Today, we’d like to discuss anxiety in dogs and inappropriate urination in cats. During this pandemic, millions and millions of people have stayed home to protect themselves from COVID-19. Many people have been getting new pets to cope with isolation or merely because pets are adorable, great companions, and fantastic additions to families! People having new puppies in their homes is phenomenal! However, puppies acquired during this pandemic are at a higher risk of facing anxiety issues. Why? Because fur babies are used to their parents being home all of the time. As environments change, so does the behavior of pets. Here is some information about what causes anxiety in dogs and inappropriate urination in cats.
Anxiety in Dogs
Anxiety in dogs stems from being left alone, moving to a new home, or another pet no longer being present in the house. Pay attention to these symptoms:
- Chewing/Destroying Items
- Your Pet Preventing You From Leaving
- Not Eating
- Social Withdrawal
- Twitching Tails/Ears
As far as treatment goes, do not punish your dog. Your fur baby isn’t trying to spite or disobey you. Separation anxiety is a disorder. We also highly recommend that you adjust your dog to your absence and help them understand that you leaving (temporarily) is normal and a part of life. One way to help dogs (and people) cope with anxiety is exposure therapy. You can take your keys, jogging shoes, or whatever you take with you when you leave, leave home for a little while, and then return. What this does is normalize the fact that you won’t always be home.
Try not making leaving a big deal because pets pick up on your emotions. While you’re gone, leave behind a special treat for them while they are alone. You can also create a positive and safe environment by including pheromone treatments such as Adaptil.
Inappropriate Urination in Cats
Medical issues usually cause inappropriate urination in cats (a cat urinating or defecting other than their litter box). Cats could also dislike their litterbox based on the type of litter that’s in it based on several reasons, including a stressful event or merely because they find this type of litter objectionable, especially if there is new litter. Some inappropriate urination triggers include changes in your cat’s environment, such as your cat moving to a new house, a new person in the house(or absence of), and a new pet in the house (or absence of), and many other triggers. Aversion and attraction therapy is behavior modification treatments where it makes the designated urination area more appealing and the undesirable area less appealing.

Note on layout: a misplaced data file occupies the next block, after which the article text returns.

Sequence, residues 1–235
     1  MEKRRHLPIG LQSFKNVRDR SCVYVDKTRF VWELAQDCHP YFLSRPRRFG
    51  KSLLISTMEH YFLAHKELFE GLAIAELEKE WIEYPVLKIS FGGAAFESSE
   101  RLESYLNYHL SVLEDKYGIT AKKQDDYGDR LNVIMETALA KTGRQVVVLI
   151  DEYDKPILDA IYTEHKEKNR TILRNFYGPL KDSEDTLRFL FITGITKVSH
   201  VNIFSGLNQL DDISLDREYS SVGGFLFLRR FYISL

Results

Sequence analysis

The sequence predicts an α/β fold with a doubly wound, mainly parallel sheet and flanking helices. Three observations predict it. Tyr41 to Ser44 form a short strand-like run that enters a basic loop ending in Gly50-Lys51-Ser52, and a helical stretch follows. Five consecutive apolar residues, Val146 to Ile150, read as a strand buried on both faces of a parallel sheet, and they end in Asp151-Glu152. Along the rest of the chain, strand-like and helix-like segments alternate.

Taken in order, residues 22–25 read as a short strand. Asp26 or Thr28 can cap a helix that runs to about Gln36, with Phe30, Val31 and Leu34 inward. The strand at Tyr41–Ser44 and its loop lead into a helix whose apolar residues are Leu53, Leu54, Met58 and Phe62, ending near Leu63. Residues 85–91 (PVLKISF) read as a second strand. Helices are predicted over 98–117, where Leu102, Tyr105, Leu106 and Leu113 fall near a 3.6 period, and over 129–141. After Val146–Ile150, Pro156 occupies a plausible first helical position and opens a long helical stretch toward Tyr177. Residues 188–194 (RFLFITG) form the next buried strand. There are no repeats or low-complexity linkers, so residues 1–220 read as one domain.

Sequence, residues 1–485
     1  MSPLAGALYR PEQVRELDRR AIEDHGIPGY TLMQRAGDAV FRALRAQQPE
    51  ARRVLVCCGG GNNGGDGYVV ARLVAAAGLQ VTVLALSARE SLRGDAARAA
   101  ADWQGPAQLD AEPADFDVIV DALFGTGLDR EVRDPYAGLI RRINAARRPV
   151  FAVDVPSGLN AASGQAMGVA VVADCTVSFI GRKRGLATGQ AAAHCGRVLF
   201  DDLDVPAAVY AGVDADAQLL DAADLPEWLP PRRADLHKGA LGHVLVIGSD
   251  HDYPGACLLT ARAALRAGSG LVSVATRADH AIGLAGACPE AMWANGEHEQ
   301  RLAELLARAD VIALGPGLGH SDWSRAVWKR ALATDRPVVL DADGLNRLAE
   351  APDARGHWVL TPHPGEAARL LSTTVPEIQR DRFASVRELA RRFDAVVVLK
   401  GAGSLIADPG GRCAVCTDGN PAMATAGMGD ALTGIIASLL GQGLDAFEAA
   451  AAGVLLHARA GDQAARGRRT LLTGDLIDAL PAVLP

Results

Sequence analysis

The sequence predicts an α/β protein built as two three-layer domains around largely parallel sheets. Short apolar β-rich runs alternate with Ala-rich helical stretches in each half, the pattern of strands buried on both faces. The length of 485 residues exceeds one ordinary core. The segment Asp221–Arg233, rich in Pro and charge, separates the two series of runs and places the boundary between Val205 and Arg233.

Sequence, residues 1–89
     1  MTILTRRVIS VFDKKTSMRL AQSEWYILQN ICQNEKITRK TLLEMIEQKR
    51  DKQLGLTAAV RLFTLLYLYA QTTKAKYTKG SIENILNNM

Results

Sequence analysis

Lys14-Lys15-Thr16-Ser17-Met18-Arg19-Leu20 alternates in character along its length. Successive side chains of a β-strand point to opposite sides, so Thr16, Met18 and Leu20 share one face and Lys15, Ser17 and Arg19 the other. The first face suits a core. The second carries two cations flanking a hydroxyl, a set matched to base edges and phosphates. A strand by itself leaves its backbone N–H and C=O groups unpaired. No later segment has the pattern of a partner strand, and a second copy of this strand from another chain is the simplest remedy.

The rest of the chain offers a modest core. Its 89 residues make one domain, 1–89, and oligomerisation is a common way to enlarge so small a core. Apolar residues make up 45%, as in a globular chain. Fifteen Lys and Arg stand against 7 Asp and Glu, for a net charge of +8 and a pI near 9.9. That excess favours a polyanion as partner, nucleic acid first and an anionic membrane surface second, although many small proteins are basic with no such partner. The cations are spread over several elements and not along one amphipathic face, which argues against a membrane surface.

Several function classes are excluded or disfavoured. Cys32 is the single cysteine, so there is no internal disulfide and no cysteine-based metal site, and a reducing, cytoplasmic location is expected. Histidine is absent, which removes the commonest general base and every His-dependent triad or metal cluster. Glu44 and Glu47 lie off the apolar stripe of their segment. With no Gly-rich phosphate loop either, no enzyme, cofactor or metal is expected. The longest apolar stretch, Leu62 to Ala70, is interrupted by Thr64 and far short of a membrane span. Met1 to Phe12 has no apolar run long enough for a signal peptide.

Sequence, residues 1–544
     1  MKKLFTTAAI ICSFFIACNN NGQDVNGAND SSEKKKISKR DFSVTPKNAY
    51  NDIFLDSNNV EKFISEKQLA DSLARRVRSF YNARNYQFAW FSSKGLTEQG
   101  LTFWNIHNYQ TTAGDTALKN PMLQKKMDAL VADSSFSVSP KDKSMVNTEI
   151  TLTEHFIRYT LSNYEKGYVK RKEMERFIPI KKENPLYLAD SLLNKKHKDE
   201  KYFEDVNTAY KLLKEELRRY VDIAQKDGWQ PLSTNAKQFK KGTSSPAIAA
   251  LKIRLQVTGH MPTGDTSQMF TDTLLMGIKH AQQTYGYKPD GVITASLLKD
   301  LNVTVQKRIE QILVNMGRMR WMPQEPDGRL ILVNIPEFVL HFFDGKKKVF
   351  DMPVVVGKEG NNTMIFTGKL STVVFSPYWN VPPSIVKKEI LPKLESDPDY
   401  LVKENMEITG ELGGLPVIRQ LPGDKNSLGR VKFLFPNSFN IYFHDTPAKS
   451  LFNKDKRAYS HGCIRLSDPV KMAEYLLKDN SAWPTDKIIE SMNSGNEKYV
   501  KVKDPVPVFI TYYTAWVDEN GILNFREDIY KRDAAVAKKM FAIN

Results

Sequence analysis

Here at Mount Carmel Animal Hospital, We’ll Treat Your Pets Like Family!
Mount Carmel Animal Hospital has been serving the Northern Baltimore/Southern York community for over 30 years and is proud to be an independently operated, small animal practice committed to excellence in veterinary medicine and client service. From grooming to wellness services, along with Canine Life Skills Training Courses, and surgical procedures, we have the expertise that will best serve the needs of you and your pet. Contact us at 410-343-0200 and follow us on Facebook!